A Review of ‘The Poetics and Politics of Alzheimer’s Disease Life-Writing’ by Martina Zimmermann

These are questions that a person can often ignore when he or she is moving about a day, unencumbered by the stress of dealing with dementia. When a person is living with dementia or caring for someone with dementia, however, these questions can occupy a significant amount of a person’s thinking.

A handful of people have worked to answer these and other questions on paper. They have gathered and organized their thoughts, written down their experiences, and shared their struggles, joys, and lessons learned. Editors have helped the writers craft the words into readable stories and get them to the shelves of bookstores and libraries.

By composing and subsequently publishing their work, these people have worked to make meaning out of their illness experience through writing. Each writer has a goal for sharing their story of sickness. Writers have shared their stories so that others might not suffer so much or so that individuals who have not encountered dementia might have a better understanding of what the experience of illness feels like. Some writers have wanted the reader to know that– despite the illness– they are “still here”. Others want the readers to know what exactly has been lost.

Scholars in the medical & health humanities are keenly interested in learning what stories can teach us about how humans make sense of life, illness, vulnerability, and death. Martina Zimmermann, a scientist and health humanist, has gathered and examined all of the book-length narratives of Alzheimer’s between 1982 and 2014. I reviewed the book, The Poetics and Politics of Alzheimer’s Disease Life-Writing, by Martina Zimmermann, over at the blog for the Center for Medical Humanities at Durham University in the United Kingdom. For those of you interested in how caregivers and people with Alzheimer’s write about their experiences and– in doing so– construct a narrative self, then please take a read of the review and the book.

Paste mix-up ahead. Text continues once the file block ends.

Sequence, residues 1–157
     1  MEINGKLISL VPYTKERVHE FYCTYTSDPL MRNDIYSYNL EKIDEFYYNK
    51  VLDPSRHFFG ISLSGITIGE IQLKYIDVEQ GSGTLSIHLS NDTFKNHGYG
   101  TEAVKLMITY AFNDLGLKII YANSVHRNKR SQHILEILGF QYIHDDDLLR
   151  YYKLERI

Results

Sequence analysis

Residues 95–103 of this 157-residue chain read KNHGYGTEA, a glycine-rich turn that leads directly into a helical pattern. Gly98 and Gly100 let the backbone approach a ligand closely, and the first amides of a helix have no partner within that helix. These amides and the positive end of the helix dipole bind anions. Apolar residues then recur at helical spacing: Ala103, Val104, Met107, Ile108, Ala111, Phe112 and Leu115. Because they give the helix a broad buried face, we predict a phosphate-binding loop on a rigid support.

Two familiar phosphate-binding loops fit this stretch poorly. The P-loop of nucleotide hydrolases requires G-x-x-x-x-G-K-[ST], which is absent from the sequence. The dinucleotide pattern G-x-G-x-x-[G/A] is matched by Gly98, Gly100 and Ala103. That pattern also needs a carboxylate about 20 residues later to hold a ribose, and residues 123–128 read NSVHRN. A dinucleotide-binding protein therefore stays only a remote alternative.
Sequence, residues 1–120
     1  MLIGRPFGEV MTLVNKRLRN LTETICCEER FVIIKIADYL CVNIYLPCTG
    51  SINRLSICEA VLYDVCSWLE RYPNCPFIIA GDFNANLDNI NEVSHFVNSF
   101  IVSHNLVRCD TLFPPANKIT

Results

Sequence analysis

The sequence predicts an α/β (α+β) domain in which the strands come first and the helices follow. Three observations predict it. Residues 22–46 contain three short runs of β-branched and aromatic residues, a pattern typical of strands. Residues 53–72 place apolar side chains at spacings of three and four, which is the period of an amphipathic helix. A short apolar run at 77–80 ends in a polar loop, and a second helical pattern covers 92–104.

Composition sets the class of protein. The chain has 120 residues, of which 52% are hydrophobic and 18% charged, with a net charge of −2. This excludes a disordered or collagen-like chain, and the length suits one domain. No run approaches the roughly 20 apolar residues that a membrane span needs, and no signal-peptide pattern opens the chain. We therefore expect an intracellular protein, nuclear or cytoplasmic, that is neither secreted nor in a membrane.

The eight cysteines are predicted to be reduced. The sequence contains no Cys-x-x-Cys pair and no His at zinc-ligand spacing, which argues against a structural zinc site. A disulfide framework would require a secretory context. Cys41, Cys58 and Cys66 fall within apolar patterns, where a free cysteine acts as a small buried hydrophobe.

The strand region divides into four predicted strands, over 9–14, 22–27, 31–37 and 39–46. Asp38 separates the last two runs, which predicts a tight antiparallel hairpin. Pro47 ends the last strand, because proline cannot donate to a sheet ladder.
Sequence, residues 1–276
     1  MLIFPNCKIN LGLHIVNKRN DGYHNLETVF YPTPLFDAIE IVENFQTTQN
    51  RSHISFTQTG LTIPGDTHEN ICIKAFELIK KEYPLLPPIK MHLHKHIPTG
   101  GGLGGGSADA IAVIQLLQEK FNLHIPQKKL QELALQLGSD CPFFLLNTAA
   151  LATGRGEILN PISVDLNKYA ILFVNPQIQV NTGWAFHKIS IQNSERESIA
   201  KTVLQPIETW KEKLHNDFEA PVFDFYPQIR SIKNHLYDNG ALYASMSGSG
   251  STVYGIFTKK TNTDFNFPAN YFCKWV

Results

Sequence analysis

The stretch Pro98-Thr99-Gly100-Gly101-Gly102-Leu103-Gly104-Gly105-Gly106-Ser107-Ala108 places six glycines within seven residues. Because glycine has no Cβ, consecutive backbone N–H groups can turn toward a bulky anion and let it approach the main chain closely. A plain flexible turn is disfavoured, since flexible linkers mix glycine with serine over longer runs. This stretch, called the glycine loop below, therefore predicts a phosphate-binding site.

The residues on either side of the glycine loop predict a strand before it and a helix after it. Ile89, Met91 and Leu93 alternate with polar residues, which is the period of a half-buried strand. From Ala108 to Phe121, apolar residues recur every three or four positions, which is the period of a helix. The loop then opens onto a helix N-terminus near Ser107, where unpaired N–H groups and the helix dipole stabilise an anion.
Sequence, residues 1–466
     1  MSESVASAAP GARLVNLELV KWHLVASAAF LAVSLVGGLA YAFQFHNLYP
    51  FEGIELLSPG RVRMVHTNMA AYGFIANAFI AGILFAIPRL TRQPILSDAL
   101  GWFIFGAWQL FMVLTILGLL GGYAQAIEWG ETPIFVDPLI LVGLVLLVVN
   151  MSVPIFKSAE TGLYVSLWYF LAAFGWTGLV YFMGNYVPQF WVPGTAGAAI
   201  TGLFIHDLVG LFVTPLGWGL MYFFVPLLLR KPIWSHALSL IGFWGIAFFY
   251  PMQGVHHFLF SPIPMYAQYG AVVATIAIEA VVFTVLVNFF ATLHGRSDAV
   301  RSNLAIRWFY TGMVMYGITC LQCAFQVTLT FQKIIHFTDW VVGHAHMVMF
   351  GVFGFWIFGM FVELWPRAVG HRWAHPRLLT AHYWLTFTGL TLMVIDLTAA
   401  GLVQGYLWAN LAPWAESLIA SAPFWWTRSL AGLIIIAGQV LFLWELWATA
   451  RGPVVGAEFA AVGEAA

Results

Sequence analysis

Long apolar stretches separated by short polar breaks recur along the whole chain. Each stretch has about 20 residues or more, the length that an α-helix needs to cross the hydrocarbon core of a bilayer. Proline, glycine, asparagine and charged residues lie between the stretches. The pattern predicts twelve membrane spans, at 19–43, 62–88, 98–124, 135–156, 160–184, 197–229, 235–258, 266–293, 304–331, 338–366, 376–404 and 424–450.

Julie Kutac, PhD

Professional Education & Research Specialist Dr. Julie Kutac received her BS in Molecular Biology with a minor in Theology from Texas Lutheran University, her MA in Religious Studies from Rice University, and her PhD in Medical Humanities from the University of Texas Medical Branch. Dr. Kutac's research at Rice focused upon the ethics of memory and illness narratives that captured the subjective experience of Alzheimer's disease. At the Institute for the Medical Humanities at the University of Texas Medical Branch at Galveston, Dr. Kutac continued to explore her interests in aging and elder care as a National Institute of Aging Pre-Doctoral Fellow with the Sealy Center on Aging. Her dissertation focused upon suffering, the elderly, and ways that the medical humanities can improve the practitioner-patient relationship. Dr. Kutac currently works as the Professional Education and Research Specialist for the Alzheimer's Association, Houston and Southeast Texas Chapter. In this role, she educates health care practitioners and liaises with the Alzheimer's Association funded scientists in the Texas Medical Center.